Dr. Andrew Pinto, Dr. Benita Hosseini and Norm Umali. (Photo: Eduardo Lima)

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Unity Health Toronto has received $18.9 million in federal funding to create a national pandemic preparedness system that will improve Canada’s capacity to identify and track new pathogens, monitor disease spread and speed up research and development of diagnostic tests, vaccines and therapeutics.

The PREPARED network will enlist up to 50 primary care clinics and emergency departments across Canada, plus research institutions and industry partners to build a coordinated ecosystem that can swiftly respond to new viruses or pathogens. The PREPARED grant is one of the largest operating grants Unity Health Toronto has received.

The goal is to prepare Canada for the next pandemic — which is only a matter of time, says Dr. Andrew Pinto, project lead and scientist and family physician at St. Michael’s Hospital, a site of Unity Health Toronto.

“I was in medical school during SARS and joined meetings that tried to tackle the rapid spread of a novel virus. Even with learnings from other flu pandemics, Canada still faced the same challenges when COVID arrived,” said Pinto, who is also the director of the Upstream Lab. “We didn’t have an early warning system. We didn’t have a coordinated system to rapidly enroll patients in critical research studies.”

The funding from the Canada Biomedical Research Fund (CBRF) was announced on May 6 in Montreal. PREPARED is one of four research programs endorsed by the Canadian Hub for Health Intelligence and Innovation in Infectious Diseases (HI3) that was funded by CBRF in 2023 with a mandate to bolster Canada’s biomanufacturing capacity and readiness to respond to emerging health threats.

A new ecosystem built on primary care

The goal of the PREPARED network is to build an ecosystem that can be activated from the moment there is news of a novel pathogen emerging, says Norman Umali, Upstream Lab, St. Michael’s Hospital research pharmacist and project team member. 

In the new ecosystem, primary care clinics and emergency departments across Canada would be on alert for any signs of the new pathogen. When a patient goes to their family physician or local emergency department showing symptoms, the patient would be assessed and given a diagnostic test that would confirm within minutes whether the patient has the virus. Swabs from the positive patient would be taken to help identify and sequence the exact pathogens circulating in the community. These samples could also be used to help build the next diagnostic test or vaccine.

Data from patients’ electronic records could be rapidly and securely accessed to support clinicians in decision making, while also contributing to national disease surveillance efforts. As well, patients who test positive would be invited to participate in research studies and trials to gain access to the latest therapies and to help determine which therapies are beneficial.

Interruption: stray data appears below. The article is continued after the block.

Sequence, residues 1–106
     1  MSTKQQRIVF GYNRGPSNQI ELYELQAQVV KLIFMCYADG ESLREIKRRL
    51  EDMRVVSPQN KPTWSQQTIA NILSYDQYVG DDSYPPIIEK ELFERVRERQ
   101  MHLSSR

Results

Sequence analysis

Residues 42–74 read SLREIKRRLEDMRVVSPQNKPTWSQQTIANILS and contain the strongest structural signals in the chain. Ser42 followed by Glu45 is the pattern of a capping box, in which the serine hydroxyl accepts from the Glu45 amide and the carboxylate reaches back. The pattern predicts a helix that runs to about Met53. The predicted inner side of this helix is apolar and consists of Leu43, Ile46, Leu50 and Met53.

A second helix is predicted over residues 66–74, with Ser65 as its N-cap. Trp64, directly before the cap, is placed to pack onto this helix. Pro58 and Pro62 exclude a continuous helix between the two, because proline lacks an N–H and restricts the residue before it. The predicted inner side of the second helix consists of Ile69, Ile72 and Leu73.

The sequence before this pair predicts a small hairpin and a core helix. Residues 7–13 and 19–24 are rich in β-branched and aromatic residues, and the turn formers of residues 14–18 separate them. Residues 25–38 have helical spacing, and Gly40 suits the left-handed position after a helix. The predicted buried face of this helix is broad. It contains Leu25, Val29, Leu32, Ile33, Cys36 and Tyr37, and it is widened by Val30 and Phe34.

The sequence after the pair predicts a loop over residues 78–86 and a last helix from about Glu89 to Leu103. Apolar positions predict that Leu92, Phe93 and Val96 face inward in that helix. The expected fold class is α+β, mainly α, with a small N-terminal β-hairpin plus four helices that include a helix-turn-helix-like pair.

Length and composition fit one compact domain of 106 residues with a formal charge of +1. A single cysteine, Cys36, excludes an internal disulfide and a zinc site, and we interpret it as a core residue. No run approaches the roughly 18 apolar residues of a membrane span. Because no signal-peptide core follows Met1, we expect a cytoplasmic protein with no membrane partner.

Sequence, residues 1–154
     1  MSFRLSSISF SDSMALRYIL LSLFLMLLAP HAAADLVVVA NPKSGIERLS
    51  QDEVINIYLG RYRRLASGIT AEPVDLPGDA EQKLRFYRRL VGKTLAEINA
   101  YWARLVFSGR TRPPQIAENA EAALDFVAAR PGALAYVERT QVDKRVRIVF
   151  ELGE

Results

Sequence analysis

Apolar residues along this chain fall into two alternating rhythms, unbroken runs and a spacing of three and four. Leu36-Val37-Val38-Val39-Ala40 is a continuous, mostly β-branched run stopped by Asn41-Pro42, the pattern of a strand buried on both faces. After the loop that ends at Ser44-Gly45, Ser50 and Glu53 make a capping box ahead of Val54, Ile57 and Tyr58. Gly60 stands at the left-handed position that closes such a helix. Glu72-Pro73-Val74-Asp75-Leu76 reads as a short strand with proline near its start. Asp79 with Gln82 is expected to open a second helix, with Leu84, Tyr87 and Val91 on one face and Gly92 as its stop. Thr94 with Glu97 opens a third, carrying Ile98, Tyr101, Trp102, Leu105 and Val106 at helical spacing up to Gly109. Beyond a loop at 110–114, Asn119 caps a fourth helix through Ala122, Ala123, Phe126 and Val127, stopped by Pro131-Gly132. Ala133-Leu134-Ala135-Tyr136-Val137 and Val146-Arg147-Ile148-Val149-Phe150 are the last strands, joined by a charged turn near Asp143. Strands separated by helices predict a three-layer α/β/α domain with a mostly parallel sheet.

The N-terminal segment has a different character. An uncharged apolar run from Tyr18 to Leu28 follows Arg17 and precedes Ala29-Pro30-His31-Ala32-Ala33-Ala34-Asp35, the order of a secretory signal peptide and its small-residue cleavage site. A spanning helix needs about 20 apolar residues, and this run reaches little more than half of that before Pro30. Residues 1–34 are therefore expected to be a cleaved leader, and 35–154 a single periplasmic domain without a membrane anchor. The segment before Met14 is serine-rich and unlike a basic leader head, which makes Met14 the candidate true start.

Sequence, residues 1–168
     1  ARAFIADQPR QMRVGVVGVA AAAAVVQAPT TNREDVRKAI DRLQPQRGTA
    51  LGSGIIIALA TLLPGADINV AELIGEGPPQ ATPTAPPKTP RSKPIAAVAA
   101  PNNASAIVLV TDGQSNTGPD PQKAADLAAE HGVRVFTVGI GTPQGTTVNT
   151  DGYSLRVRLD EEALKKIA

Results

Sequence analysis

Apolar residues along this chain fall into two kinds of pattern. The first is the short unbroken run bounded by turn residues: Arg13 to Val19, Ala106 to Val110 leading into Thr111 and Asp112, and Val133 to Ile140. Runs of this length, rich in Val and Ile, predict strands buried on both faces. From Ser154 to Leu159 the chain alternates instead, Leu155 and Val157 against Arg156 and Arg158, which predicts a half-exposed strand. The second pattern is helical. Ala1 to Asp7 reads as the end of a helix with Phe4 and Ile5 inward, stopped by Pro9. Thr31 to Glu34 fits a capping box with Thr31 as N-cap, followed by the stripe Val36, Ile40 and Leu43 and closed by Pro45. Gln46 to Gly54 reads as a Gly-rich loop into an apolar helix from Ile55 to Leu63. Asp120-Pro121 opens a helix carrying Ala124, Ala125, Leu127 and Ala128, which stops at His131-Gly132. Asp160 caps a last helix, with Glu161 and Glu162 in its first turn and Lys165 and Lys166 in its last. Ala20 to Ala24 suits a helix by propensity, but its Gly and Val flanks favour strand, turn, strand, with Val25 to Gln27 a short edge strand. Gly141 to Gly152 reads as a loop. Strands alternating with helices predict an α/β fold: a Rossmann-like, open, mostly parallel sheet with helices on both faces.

The ecosystem builds on a Canadian network of primary care clinics and emergency departments. The project team includes leaders of 16 primary care research networks that collectively serve more than 2.5 million Canadians, from British Columbia, Alberta, Manitoba, Ontario, Quebec and Newfoundland and Labrador.

The team has also consulted and will collaborate with 11 industry partners with expertise in specimen collection, diagnostics, genomics, surveillance and data management, therapeutics, gene therapies and vaccine development.

Building a resilient, adaptable system

Beyond tracking acute respiratory infections, the team sees other future applications for this model, says Dr. Benita Hosseini, Upstream Lab research scientist and project co-lead.

“We would like to adapt the ecosystem to track other infectious diseases, such as mpox, or other chronic conditions. It could also be adapted to perform surveillance during other public health emergencies, such as those driven by climate change,” she said. The goal is to build an adaptable, patient-centered healthcare system, to improve our readiness for current and future health challenges and for transforming healthcare efficiency and effectiveness.

Part of the project is to train the next generation of researchers through the PREPARED Talent Development Program, Hosseini adds. In this program, trainees can choose a learning stream to focus on surveillance, data science, Implementation Science or Community-Based Participatory Research.

Pinto notes that in the United Kingdom, clinicians were able to quickly enroll patients into clinical trials within weeks of the first COVID cases being detected. As a result, the U.K. led the world in understanding what therapies worked in treating COVID, he said. One of the goals of PREPARED is to facilitate linkages to research trials by integrating recruitment efforts within primary care clinics and emergency departments, he said.

“We are excited about the opportunity to create a coast-to-coast shield that will help protect Canada and Canadians in the future,” said Pinto.

By: Marlene Leung